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Uzbekistan
Chamber of Commerce Country Factsheet Last update: 12.07.2018

Your advisors at the Chamber of Commerce

  • Steven Koener
    +352423939379
  • Violaine Mathurin
    +352423939481
Contact us: cis@cc.lu

Key Indicators

Area
447,400 km2
Population
29,748,859 (July 2017 est.)
Government type
republic; authoritarian presidential rule, with little power outside the executive branch
Languages
Uzbek (official) 74.3%, Russian 14.2%, Tajik 4.4%, other 7.1%
GDP
$221.7 billion (2017 est.)
Growth rate
6% (2017 est.)
HDI
105
Capital
Tashkent

 

Introduction

Russia conquered the territory of present-day Uzbekistan in the late 19th century. Stiff resistance to the Red Army after the Bolshevik Revolution was eventually suppressed and a socialist republic established in 1924. During the Soviet era, intensive production of "white gold" (cotton) and grain led to overuse of agrochemicals and the depletion of water supplies, which have left the land degraded and the Aral Sea and certain rivers half dry. Independent since 1991 upon the dissolution of the USSR, the country has reduced its dependence on the cotton monoculture by diversifying agricultural production while developing its mineral and petroleum export capacity and increasing its manufacturing base. Uzbekistan’s first president, Islom KARIMOV, led Uzbekistan for 25 years until his death in September 2016. The political transition to his successor, then-Prime Minister Shavkat MIRZIYOYEV was peaceful, but sidelined the constitutional process where the chairman of the Senate would have served as the acting president. MIRZIYOYEV, who won the presidential election in December 2016, has improved relations with Uzbekistan’s neighbors and introduced wide-ranging economic and judicial reforms.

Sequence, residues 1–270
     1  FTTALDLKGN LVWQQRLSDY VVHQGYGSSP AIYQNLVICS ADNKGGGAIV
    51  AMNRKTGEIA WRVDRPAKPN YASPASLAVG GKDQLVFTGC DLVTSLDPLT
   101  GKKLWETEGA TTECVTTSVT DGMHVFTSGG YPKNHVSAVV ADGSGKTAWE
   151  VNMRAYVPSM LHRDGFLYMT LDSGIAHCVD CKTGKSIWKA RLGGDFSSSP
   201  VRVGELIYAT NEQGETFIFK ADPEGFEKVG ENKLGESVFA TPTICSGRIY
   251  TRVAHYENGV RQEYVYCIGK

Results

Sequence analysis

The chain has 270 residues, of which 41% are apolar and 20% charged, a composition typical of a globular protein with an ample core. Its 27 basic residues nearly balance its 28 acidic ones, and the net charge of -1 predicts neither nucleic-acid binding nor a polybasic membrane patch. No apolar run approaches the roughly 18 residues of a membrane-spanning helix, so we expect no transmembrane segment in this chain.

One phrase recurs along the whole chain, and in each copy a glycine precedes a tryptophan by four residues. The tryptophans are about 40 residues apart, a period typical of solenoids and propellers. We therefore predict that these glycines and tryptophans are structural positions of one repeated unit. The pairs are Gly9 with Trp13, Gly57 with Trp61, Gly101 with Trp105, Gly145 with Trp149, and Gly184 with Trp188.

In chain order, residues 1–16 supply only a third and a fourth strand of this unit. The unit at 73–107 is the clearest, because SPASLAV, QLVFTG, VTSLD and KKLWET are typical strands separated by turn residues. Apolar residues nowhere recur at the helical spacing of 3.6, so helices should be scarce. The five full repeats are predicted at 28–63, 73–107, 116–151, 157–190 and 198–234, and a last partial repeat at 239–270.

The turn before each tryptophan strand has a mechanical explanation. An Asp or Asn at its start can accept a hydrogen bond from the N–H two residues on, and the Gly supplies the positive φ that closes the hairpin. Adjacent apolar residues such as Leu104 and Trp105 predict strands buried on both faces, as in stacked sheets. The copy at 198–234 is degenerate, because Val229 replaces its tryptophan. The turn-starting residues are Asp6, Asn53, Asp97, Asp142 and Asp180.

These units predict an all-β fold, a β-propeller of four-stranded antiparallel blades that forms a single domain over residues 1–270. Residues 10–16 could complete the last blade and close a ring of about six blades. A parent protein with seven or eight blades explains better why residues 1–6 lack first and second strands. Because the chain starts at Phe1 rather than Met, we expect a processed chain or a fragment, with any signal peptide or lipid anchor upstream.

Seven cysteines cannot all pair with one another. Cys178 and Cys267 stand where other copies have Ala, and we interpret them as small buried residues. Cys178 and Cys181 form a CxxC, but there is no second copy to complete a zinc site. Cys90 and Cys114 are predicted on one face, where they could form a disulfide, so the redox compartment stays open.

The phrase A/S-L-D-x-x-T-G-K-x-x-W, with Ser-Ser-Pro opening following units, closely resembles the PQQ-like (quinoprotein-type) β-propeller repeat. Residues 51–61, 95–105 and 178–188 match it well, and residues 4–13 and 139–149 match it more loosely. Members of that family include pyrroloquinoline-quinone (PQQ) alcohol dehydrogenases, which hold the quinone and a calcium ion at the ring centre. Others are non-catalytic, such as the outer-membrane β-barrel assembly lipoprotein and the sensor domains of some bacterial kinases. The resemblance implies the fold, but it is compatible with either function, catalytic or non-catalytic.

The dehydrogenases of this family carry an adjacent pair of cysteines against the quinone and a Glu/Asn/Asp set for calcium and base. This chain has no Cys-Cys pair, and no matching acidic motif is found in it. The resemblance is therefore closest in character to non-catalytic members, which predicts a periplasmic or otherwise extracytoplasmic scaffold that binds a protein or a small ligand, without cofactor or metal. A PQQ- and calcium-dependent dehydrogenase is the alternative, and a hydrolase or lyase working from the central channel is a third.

Source: The CIA World Factbook - Uzbekistan

 

Macroeconomic indicators

Uzbekistan is a doubly landlocked country in which 51% of the population lives in urban settlements; the agriculture-rich Fergana Valley, in which Uzbekistan’s eastern borders are situated, has been counted among the most densely populated parts of Central Asia. Since its independence in September 1991, the government has largely maintained its Soviet-style command economy with subsidies and tight controls on production, prices, and access to foreign currency. Despite ongoing efforts to diversify crops, Uzbek agriculture remains largely centered on cotton; Uzbekistan is the world's fifth-largest cotton exporter and seventh-largest producer. Uzbekistan's growth has been driven primarily by state-led investments, and export of natural gas, gold, and cotton provides a significant share of foreign exchange earnings.Recently, lower global commodity prices and economic slowdowns in neighboring Russia and China have hurt Uzbekistan's trade and investment and worsened its foreign currency shortage. Aware of the need to improve the investment climate, the government is taking incremental steps to reform the business sector and address impediments to foreign investment in the country. Since the death of first President Islam KARIMOV and election of President Shavkat MIRZIYOYEV, emphasis on such initiatives and government efforts to improve the private sector have increased. In the past, Uzbek authorities accused US and other foreign companies operating in Uzbekistan of violating Uzbek laws and have frozen and seized their assets.As a part of its economic reform efforts, the Uzbek Government is looking to expand opportunities for small and medium enterprises and prioritizes increasing foreign direct investment. In September 2017, the government devalued the official currency rate by almost 50% and announced the loosening of currency restrictions to eliminate the currency black market, increase access to hard currency, and boost investment.